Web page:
“We have a football autographed by Tom Brady, and a Don Mattingly-autographed baseball,” he said, gesturing to the items.

A Boston Bruins team autographed hockey stick will also be available, to go along with jewelry from Amy Russell Custom Design Jewelry, a wine basket, and trips to Kiawah Island, S.C. and the Equinox Hotel and Resort in Vermont.

All of the auction items, and more details on the tournament are available at honorinestjude.com.

Attendees don’t have to play in the tournament to go to the dinner.

A St. Jude’s family also speaks at the dinner, demonstrating the power of the hospital, which treats cancer and other deadly childhood diseases. The family that spoke at last year’s dinner described the voyage of their son, Colin, who was diagnosed with a severe brain tumor at the age of 3.

“Sloan Kettering and Yale both said there was nothing they could do,” Mr. Gance said. “He was given three to six months to live. They were planning his hospice care and funeral.”

The family was recommended to St. Jude, who flew him to Memphis to treatment.

“Colin is now two years cancer-free,” he said. “He was at our tournament with his parents.”

The silent auction began just after that.

“You’re still crying?” Mr. Gance said. “Good. Give.”

The winners of the tournament will be presented with a trophy and an Honorine St. Jude Classic burgundy jacket in the style of the famed Master’s green jacket presented at the legendary tournament in Augusta, Ga.

The trophy will be displayed at the New Golf Performance Training Center in Ridgefield. The winning foursome in the scramble format will also be invited back to play in the following year’s tournament, with their entry fee waived.

Other golf tournament standards exist, such as closest to the pin, longest drive, and a putting contest. There are still multiple sponsor opportunities available, and Mr. Gance said he is hoping for more salespeople to volunteer to help put the tournament together.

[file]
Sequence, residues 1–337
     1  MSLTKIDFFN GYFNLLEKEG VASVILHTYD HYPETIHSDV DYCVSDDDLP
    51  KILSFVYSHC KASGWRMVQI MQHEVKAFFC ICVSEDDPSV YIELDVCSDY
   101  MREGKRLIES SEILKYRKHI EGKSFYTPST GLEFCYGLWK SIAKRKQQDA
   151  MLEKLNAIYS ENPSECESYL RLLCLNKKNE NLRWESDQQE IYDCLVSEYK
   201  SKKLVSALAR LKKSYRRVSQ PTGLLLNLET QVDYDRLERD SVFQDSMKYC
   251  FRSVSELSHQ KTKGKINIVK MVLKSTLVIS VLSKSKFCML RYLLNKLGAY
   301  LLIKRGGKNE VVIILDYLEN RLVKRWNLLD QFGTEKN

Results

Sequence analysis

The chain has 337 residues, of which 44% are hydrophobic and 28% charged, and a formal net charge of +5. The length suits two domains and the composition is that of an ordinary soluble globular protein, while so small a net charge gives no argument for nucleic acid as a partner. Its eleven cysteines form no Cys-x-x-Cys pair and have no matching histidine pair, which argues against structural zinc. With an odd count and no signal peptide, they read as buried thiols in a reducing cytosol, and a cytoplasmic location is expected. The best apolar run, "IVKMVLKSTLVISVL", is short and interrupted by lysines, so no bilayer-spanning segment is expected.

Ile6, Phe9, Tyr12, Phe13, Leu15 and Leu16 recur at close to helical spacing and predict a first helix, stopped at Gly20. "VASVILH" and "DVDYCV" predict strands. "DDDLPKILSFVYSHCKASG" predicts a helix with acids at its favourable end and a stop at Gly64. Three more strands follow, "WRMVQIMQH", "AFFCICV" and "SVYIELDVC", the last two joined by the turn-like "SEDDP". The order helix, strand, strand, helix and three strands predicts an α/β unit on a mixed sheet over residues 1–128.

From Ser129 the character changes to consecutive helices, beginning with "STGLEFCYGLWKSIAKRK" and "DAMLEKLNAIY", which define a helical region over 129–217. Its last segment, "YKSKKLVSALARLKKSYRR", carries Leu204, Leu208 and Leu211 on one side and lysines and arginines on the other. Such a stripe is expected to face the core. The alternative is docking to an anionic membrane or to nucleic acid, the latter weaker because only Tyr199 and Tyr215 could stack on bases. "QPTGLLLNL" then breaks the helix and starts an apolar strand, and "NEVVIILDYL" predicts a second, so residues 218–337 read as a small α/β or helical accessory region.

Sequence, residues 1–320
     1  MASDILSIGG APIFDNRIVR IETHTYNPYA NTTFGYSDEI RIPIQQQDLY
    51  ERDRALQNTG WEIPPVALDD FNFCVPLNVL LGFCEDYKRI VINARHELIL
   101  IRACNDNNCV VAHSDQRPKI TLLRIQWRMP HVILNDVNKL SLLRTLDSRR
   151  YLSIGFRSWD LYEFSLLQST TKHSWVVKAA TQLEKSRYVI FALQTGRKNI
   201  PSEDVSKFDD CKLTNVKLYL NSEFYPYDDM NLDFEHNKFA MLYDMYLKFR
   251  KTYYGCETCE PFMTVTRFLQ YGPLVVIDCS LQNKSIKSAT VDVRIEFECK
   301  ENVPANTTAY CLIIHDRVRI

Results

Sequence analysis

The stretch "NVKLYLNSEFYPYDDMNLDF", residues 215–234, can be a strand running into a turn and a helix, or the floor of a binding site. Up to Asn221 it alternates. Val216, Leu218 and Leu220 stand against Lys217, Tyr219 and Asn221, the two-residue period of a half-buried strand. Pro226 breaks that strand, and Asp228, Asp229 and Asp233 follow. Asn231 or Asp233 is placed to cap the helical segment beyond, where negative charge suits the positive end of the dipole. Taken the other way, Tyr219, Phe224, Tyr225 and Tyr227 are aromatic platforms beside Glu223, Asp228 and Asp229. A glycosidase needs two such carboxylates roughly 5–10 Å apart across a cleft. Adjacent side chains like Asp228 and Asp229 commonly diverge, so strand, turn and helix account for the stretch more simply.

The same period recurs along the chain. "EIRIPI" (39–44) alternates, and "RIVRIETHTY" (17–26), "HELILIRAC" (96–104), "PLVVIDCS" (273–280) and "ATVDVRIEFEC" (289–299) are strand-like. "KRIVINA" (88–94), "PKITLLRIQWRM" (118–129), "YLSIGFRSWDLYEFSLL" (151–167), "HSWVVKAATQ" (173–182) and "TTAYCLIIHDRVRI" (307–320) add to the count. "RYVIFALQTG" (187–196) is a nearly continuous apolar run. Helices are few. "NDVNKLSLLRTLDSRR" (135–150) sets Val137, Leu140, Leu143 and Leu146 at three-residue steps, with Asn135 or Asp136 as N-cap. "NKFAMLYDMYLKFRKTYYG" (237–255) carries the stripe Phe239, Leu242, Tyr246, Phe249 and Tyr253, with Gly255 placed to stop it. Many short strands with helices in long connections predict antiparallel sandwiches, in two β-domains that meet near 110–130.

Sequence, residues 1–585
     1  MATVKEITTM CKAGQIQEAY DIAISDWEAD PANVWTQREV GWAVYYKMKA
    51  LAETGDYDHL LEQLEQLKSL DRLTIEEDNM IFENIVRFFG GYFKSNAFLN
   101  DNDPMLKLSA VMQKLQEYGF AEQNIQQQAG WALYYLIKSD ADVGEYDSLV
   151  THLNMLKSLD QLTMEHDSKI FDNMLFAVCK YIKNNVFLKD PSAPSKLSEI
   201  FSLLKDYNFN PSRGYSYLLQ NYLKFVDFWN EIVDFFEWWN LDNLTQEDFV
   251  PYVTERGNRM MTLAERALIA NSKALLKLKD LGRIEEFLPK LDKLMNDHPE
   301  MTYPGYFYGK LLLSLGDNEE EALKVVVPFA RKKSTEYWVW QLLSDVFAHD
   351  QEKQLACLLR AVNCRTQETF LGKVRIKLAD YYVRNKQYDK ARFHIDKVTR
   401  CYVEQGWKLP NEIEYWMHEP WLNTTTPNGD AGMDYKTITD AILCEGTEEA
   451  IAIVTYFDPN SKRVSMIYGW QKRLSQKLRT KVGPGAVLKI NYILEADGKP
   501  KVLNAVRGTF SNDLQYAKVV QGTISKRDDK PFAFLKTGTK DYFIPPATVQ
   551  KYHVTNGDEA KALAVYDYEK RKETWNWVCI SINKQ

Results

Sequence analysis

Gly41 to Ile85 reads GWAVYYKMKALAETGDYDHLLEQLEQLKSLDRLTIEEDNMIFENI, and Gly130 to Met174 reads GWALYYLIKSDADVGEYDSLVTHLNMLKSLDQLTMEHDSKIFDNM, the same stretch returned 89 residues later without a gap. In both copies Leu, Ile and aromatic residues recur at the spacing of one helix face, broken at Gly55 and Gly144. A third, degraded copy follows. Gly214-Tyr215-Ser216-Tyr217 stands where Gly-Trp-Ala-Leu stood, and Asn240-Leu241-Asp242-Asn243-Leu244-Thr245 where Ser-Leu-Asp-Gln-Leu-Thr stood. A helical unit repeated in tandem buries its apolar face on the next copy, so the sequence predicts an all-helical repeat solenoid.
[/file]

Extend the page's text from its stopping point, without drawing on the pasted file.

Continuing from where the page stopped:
“It’s a lot of work,” he said. Mr. Gance is a real estate broker. “All of our net proceeds go to St. Jude’s. We just want to pay our bills.”

Volunteers are needed to help him continue and grow the tournament, especially from a sales angle.

To that end, the event has received support from Heineken, Soccer and Rugby Imports, Splash Car Wash, Morris Media Group, and The Partners Commercial Real Estate Group, among others.

Not that he is totally alone in the effort. A quick glance at the website shows a list of the committee members, sprinkled with Mr. Gance’s own family names, as well as that of Dawn Jeffrey, the event chairperson. But help is still needed and volunteers are welcome.

A pre-tournament event will be held at Sunset Grill in Norwalk on Sept. 3.

“They’re donating 30% of gross sales for the day,” he said. “It’s Honorine Day at Sunset Grill.”

That event will feature music as Mr. Gance and the St. Jude team promote the tournament.

A foursome in the Honorine St. Jude Tournament costs $1,000, and a single player looking to join a foursome costs $275. Tournament players receive a bag that includes a Cutter and Buck golf shirt, golf balls, a golf glove from Nike, greens fees and cart, to go along with food and drinks. Those looking to only attend the dinner may do so for $150.

Surprises may await, as last year, bagpipers appeared out of nowhere on the golf course to play “Amazing Grace” before disappearing.

“I have Scottish friends who thought I did that just for them,” Mr. Gance said, laughing. “I said, ‘yeah, right.”